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Lecture 1

10-601 Lecture Notes - Lecture 1: Jacqueline Scott, Cygwin, Bernoulli DistributionExam

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Matt Gomley

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Homework 1
CMU 10-601: Machine Learning (Spring 2019)
OUT: Wednesday, Jan 16th, 2019
DUE: Wednesday, Jan 23rd, 2019, 11:59pm
TAs: Daniel Bird, Longxiang Zhang, Jacqueline Scott, Chenxi Xu
START HERE: Instructions
Collaboration policy: Collaboration on solving the homework is allowed, after you
have thought about the problems on your own. It is also OK to get clarification (but
not solutions) from books or online resources, again after you have thought about the
problems on your own. There are two requirements: first, cite your collaborators fully
and completely (e.g., “Jane explained to me what is asked in Question 2.1”). Second,
write your solution independently: close the book and all of your notes, and send col-
laborators out of the room, so that the solution comes from you only. See the Academic
Integrity Section on the course site for more information:
Late Submission Policy: See the late submission policy here: http://www.cs.cmu.
Submitting your work:
– Autolab: You will submit your code for programming questions on the home-
work to Autolab ( After uploading your
code, our grading scripts will autograde your assignment by running your pro-
gram on a virtual machine (VM). The software installed on the VM is identical
to that on, so you should check that your code runs
correctly there. If developing locally, check that the version number of the pro-
gramming language environment and versions of permitted libraries match those
on (Octave users: Please make sure you do not use any
Matlab-specific libraries in your code that might make it fail against our tests.)
You have a total of 10 Autolab submissions. Use them wisely. In order to
not waste Autolab submissions, we recommend debugging your implementation
on your local machine (or the linux servers) and making sure your code is run-
ning correctly first before any Autolab submission. The above is true for future
assignments, but this one allows unlimited submissions.
1Compiled on Wednesday 16th January, 2019 at 20:30

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Gradescope: For written problems such as short answer, multiple choice, deriva-
tions, proofs, or plots, we will be using Gradescope (
Please use the provided template. Submissions can be handwritten onto the tem-
plate, but should be labeled and clearly legible. If your writing is not legible, you
will not be awarded marks. Alternatively, submissions can be written in LaTeX.
Regrade requests can be made, however this gives the TA the opportunity to
regrade your entire paper, meaning if additional mistakes are found then points
will be deducted. Each derivation/proof should be completed on a separate page.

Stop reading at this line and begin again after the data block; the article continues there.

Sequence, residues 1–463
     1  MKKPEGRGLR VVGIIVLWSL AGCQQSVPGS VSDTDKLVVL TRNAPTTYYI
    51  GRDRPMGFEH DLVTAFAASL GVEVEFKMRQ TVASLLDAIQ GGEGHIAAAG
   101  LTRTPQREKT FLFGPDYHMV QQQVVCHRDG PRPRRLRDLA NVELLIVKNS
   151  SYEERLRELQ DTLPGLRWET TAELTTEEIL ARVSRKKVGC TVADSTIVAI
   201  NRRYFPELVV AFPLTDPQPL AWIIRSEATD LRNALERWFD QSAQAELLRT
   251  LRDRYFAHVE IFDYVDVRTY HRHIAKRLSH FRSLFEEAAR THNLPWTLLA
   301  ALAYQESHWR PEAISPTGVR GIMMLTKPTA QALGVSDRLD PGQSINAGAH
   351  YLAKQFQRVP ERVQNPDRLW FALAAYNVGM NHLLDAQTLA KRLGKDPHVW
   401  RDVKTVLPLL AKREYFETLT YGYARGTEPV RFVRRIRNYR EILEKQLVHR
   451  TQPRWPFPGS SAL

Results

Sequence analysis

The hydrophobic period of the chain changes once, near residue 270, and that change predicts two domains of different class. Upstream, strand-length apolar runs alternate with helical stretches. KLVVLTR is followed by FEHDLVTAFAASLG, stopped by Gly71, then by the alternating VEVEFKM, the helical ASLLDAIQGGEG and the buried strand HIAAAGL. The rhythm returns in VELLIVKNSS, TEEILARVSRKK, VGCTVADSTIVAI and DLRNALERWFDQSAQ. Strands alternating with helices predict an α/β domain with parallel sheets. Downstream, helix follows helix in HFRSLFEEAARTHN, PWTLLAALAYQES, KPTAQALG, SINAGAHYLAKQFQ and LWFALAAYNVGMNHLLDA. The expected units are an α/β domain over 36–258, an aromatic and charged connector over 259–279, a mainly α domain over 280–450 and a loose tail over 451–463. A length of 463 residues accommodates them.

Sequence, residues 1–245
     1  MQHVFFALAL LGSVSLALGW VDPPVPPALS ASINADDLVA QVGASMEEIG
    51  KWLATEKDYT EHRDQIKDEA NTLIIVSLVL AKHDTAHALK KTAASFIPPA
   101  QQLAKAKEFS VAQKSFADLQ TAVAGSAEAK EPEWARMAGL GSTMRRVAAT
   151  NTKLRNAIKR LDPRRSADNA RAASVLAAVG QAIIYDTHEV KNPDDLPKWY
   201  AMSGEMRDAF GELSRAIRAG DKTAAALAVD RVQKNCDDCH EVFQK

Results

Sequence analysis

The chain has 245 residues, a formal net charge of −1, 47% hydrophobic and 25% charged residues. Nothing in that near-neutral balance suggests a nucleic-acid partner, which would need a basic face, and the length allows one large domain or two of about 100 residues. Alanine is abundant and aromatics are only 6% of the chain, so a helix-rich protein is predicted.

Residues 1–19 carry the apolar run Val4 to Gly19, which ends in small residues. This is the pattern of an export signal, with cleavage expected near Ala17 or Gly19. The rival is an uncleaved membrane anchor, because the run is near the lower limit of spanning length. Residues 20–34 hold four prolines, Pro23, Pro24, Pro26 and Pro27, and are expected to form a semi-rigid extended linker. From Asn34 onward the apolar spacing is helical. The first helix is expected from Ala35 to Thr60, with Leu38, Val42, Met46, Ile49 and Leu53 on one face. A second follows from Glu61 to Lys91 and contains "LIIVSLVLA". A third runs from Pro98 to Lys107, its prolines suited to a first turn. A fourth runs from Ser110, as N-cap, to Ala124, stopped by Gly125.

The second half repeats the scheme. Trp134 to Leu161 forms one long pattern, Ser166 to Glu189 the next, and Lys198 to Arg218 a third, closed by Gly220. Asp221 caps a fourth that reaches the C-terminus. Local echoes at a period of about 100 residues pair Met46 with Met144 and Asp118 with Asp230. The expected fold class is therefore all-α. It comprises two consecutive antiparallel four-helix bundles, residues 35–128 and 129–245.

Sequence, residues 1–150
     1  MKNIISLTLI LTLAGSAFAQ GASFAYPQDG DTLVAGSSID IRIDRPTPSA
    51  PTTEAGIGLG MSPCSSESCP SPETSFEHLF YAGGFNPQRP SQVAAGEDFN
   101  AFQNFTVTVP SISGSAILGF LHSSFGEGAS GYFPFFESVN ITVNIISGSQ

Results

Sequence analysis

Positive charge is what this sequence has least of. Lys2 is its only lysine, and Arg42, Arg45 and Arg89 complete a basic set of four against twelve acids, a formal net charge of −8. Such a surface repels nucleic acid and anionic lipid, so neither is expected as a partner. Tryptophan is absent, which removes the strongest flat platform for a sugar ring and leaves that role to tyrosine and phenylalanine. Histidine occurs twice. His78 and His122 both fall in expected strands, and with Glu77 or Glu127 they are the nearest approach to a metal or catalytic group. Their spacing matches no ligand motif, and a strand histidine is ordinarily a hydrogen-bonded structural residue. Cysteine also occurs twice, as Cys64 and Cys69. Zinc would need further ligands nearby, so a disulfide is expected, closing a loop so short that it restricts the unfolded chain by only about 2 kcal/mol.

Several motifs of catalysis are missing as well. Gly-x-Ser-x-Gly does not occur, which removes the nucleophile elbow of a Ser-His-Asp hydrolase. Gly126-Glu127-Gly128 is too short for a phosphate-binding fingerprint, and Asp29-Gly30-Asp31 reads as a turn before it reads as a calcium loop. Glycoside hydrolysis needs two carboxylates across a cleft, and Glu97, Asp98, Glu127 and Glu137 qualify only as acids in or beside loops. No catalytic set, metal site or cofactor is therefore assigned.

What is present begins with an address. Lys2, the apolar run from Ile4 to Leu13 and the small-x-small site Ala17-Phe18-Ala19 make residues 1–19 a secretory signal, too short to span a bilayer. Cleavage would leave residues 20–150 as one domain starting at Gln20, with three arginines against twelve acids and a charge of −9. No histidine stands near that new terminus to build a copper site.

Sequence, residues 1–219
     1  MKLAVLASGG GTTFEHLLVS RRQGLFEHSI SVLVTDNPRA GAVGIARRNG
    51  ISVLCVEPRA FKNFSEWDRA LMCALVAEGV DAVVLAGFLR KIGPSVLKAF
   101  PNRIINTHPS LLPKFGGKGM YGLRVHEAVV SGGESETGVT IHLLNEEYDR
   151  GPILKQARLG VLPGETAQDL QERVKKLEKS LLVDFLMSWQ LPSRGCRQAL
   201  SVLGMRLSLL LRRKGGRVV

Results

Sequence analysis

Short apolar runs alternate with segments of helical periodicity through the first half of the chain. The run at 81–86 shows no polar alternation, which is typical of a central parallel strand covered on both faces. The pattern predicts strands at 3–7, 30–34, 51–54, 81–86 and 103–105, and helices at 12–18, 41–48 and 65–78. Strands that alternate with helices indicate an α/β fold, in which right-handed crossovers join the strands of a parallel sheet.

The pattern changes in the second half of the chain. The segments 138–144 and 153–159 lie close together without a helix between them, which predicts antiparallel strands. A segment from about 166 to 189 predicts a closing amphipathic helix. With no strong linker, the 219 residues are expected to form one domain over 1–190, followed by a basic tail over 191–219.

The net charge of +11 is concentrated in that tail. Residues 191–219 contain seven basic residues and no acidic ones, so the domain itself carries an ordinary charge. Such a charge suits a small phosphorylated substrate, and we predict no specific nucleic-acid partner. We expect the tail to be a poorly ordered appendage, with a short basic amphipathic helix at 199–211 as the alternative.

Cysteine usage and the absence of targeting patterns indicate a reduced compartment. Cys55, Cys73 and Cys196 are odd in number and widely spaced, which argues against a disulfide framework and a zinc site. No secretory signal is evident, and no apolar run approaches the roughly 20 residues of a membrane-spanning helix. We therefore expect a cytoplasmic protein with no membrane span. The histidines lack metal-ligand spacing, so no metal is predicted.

For short answer questions you should not include your work in your solution.
If you include your work in your solutions, your assignment may not be graded
correctly by our AI assisted grader. For this assignment only, if you answer at
least 90% of the written questions correctly, you get full marks on the Gradescope
portion of this assignment. For this assignment only, we will offer two rounds
of grading. The first round of grading will happen immediately following the
due date specified above. We will then release your grades to you and if you got
less than 90% on the written questions, you will be allowed to submit once again
by a second due date. The exact due date for the second round will be announced
after we release the first round grades.
Materials: Download from autolab the tar file (“Download handout”). The tar file
will contain all the data that you will need in order to complete this assignment.
For multiple choice or select all that apply questions, shade in the box or circle in the
template document corresponding to the correct answer(s) for each of the questions. For
EXusers, use and for shaded boxes and circles, and don’t change anything else.

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1 Hello, Autolab! [32 Points]
1.1 Introduction
This homework is neither representative the standard difficulty of programming assignments
for this course nor is it designed to test your ability to program. In this homework you
have to choose Python, Octave, Java, or C++ as your programming language.
Submitting code for more than one language may result in undefined behavior..
The goal of this assignement is to ensure that you:
1. Have a way to edit and test your code (i.e. a text editor and compiler/interpreter)
2. Are familiar with submitting to Autolab
3. Are familiar with file I/O and standard output in the language of your choice
Warning: This handout assumes that you are using a unix command prompt (with zsh,
bash, csh or similar). All of the command prompts lines listed in this handout will work
on the machines. You may need to use other commands or methods
if you are working locally - especially if you are using Windows.
1.2 Reading from a file [22pts]
In reverse.{py|m|java|cpp}, implement a program that reads in the lines of a file, then
writes them in reverse order to an output file. Specifically, your program should take two
command line arguments: the name of the input file and the name of the output file. It should
read the lines of the input file and write them to the output file from last to first, separated
by “\n”. You should assume that the input file has unix-style line breaks. (Windows uses
\r\n” to indicate a new line. Unix uses only “\n”.)
For example, if the file input.txt contained the stream
which is commonly displayed as
depending on your language of choice, one of the following:
python input.txt output.txt
octave -qH reverse.m input.txt output.txt
javac; java reverse input.txt output.txt
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